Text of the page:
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Basic Needs

Companion animals, such as cats and dogs, rely on us to take care of them and their basic needs, including: water, food, shelter and protection from weather.

Fresh, Clean Water

As Global Animal explains, drinking water provides many health benefits for our pets, including hydration, lubricating joints to make it easier for pets to move around, aiding the digestive system to breakdown food and absorb nutrients, regulating body temperature and eliminating waste and toxins from the body. 

Water is especially important for older pets as their kidneys may not be able to conserve water as well as they did when they were younger, increasing the risk of dehydration. For good overall health, water is a must!

In the Texas heat, water is especially important for helping our pets stay cool and maintain normal body temperature. One of the main ways our pets cool down is panting and sweating through their paw pads. As water leaves our pet’s tongue, heat is carried away from the body allowing them to cool down. It is important they rehydrate so they stay healthy. Having plenty of fresh, clean water on hand at all times ensures they can do this as needed. 

Puddles of water often have contaminants that can be harmful to pets. Chemicals from lawns or cars can be found in many puddles and could harm pets. Leptospirosis bacteria and giardia organisms can also be found in some puddles and could cause a variety of health issues for pets.

The same germs that make people sick, can also make pets sick. Even filtered water or ice from the refrigerator can still contain germs that may make your pet sick. Instead, use bottled water or boil tap water at a rolling boil for at least two minutes to kill germs. Be sure the water is completely cooled before giving it to your pets. 

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Trying to decide what food to give pets can be confusing – there are so many choices! The ASPCA offers nutrition tips for cats and dogs to make selection easier for owners.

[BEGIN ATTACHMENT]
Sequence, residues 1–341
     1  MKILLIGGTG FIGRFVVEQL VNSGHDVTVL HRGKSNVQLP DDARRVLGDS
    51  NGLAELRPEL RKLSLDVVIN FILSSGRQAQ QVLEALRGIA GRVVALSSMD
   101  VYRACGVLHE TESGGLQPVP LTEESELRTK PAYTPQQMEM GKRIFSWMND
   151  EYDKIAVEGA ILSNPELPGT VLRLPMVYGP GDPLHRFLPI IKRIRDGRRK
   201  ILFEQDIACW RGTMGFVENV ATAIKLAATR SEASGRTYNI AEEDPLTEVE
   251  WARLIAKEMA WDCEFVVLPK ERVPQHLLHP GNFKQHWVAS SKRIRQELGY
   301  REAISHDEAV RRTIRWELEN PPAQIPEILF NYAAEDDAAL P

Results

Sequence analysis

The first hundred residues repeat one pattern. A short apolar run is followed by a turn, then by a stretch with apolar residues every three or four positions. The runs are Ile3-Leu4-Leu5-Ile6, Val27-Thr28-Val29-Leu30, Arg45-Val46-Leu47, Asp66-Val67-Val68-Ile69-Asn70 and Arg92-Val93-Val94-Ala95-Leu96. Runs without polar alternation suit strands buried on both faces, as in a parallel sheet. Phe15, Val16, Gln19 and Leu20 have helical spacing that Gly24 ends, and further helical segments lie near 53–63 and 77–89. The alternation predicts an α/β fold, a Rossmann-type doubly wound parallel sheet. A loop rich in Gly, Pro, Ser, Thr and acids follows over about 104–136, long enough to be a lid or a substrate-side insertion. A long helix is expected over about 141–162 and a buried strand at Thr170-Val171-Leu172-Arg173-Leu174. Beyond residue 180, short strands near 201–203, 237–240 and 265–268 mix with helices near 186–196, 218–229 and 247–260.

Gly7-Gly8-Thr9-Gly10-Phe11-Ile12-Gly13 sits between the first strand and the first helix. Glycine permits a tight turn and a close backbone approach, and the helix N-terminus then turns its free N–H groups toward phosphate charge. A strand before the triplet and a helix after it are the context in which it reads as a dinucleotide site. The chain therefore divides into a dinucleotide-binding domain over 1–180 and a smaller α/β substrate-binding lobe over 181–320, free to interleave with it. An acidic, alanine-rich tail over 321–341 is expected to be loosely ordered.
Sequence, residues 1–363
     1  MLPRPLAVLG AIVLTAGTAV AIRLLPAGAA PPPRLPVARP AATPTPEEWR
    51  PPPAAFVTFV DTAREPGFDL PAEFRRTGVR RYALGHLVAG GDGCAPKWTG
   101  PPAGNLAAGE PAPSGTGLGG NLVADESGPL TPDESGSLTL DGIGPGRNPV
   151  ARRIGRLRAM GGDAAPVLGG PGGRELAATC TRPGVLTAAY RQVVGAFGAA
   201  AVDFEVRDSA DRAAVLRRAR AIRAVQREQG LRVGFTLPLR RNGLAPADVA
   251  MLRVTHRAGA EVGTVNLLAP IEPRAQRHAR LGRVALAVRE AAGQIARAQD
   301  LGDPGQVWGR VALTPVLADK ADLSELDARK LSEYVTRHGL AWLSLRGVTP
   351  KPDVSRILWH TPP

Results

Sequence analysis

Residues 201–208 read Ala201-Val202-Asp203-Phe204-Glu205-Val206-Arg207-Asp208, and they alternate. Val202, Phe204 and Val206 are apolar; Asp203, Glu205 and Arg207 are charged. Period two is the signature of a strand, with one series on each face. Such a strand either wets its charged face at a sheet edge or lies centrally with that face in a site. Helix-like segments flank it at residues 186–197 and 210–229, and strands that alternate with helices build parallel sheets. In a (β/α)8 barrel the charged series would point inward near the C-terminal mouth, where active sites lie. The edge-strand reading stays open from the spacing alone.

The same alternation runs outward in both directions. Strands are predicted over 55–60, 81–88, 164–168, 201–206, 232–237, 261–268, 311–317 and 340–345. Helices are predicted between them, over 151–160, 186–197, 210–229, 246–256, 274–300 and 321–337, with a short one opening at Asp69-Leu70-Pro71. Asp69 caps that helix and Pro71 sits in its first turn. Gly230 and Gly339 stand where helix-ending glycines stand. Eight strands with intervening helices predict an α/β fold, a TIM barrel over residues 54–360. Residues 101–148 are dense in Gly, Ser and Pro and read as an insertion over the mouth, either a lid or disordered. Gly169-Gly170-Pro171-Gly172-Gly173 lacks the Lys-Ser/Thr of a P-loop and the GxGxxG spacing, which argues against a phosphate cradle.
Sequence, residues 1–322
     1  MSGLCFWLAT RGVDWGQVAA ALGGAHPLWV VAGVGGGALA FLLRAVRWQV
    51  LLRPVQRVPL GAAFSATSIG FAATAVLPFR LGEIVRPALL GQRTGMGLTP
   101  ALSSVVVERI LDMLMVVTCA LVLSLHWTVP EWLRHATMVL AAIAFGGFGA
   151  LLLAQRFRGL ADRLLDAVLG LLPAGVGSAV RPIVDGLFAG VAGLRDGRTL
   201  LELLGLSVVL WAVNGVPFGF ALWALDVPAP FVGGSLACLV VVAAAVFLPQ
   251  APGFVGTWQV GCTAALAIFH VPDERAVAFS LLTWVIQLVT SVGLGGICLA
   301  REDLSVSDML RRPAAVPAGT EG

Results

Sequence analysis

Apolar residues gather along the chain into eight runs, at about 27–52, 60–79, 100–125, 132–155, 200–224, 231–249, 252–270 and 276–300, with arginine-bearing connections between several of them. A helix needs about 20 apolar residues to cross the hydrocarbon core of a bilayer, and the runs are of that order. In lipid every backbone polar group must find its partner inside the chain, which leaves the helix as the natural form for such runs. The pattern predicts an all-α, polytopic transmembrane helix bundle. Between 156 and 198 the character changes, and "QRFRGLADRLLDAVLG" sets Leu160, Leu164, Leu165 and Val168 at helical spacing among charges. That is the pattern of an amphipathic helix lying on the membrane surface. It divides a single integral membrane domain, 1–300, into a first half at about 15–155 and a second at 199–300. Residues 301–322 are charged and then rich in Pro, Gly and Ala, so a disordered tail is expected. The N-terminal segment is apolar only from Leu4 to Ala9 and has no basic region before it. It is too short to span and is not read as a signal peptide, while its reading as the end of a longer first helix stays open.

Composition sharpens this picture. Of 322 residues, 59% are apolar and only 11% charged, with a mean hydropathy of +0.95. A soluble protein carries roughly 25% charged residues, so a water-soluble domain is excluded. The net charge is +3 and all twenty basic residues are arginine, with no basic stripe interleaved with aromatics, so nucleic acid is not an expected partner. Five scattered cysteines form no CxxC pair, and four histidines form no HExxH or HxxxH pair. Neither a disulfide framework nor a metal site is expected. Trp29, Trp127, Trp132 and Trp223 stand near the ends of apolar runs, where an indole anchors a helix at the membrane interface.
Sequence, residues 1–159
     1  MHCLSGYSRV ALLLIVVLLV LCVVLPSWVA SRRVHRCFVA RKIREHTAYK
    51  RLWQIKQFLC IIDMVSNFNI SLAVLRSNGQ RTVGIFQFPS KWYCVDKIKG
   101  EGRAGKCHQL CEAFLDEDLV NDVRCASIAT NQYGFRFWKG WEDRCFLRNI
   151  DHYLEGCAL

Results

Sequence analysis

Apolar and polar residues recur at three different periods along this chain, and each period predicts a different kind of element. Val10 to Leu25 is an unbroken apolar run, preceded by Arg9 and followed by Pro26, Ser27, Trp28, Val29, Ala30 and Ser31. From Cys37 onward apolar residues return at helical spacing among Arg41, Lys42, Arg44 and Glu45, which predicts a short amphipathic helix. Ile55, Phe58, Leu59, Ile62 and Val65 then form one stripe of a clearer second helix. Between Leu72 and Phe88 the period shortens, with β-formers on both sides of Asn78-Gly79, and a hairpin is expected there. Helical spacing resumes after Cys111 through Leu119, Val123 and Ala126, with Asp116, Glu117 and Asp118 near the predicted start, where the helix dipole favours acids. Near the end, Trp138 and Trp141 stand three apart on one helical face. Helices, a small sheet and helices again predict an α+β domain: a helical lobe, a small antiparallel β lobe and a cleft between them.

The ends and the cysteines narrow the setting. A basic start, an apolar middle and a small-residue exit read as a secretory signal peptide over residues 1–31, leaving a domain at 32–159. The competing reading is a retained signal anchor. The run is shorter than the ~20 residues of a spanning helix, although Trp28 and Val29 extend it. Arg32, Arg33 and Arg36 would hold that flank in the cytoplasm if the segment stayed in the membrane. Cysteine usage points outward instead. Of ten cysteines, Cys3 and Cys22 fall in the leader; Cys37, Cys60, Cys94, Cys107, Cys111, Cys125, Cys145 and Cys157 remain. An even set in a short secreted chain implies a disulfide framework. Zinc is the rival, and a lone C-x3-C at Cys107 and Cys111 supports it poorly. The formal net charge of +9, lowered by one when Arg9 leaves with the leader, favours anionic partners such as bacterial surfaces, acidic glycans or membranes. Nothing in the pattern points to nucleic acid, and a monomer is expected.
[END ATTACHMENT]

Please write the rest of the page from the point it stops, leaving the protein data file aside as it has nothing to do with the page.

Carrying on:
There are quality pet foods available for sale at a variety of prices at grocery and pet stores. Many online stores even make pet food available for home delivery at no additional cost, which is great when you are short on time or don’t want to break your back lugging a huge bag of food!

Fortunately, Greater Houston pet owners facing financial challenges may be able to get help through pet pantries or other resources if they are having difficulty affording pet food.

Yes! There are many foods that are toxic to our pets. Some of the most dangerous foods for dogs include xylitol or birch sugar (found in many gums, candies and baked goods), chocolate, grapes and raisins, garlic, and onions to name a few. These foods are also dangerous foods for cats, along with a variety of plants and household products discussed in the Safety Needs section.

Eating these foods could cause mild reactions, such as vomiting or an upset stomach or could lead to more serious consequences such as kidney failure or even death. As a pet parent, you should become familiar with the list of dangerous foods and post it in your kitchen to make sure you and your houseguests keep your pets safe.

Yes, just like humans, sometimes pets are allergic to certain foods, including pet food. Common food allergens for dogs include beef, wheat, eggs, dairy, chicken, lamb, rabbit, soy and fish while cats are most often allergic to beef, fish, chicken and dairy products.

Symptoms of food allergies include skin problems, licking of feet, diarrhea, chronic gas and ear inflammation. If you suspect a food allergy, work with your veterinarian to identify the cause and eliminate that food from your pet’s diet.

Your veterinarian may suggest removing certain ingredients from your pet’s food or trying a special diet.

Puppy and kitten food is specially formulated to provide their growing bodies with the extra calories and nutrients needed during this early stage of life. Depending on the breed and size of your pet, your veterinarian may recommend transitioning to adult food between the ages of 9 and 18 months.

The ingredients list of a pet food product can often tell very little about the nutritional value of the food. Even ingredients commonly considered bad, like meat meal and corn, have their merits. Furthermore, often, pet food companies will market their products with unregulated terms like “human-grade,” “holistic,” and even “organic.” Rather than relying on strictly on labels, vets recommend to:

  1. Choose foods that are adequate for your pet’s age and health needs
  2. Ensure the pet food company is reputable by investigating credentials, quality control measures, and research that supports its claims
  3. Talk to your veterinarian to discuss your pet’s needs

It’s best to mix new food in with old food little by little. Use the ratio method, incorporating:
~25% new food into your pet’s diet for the first three days
~50% for the next three days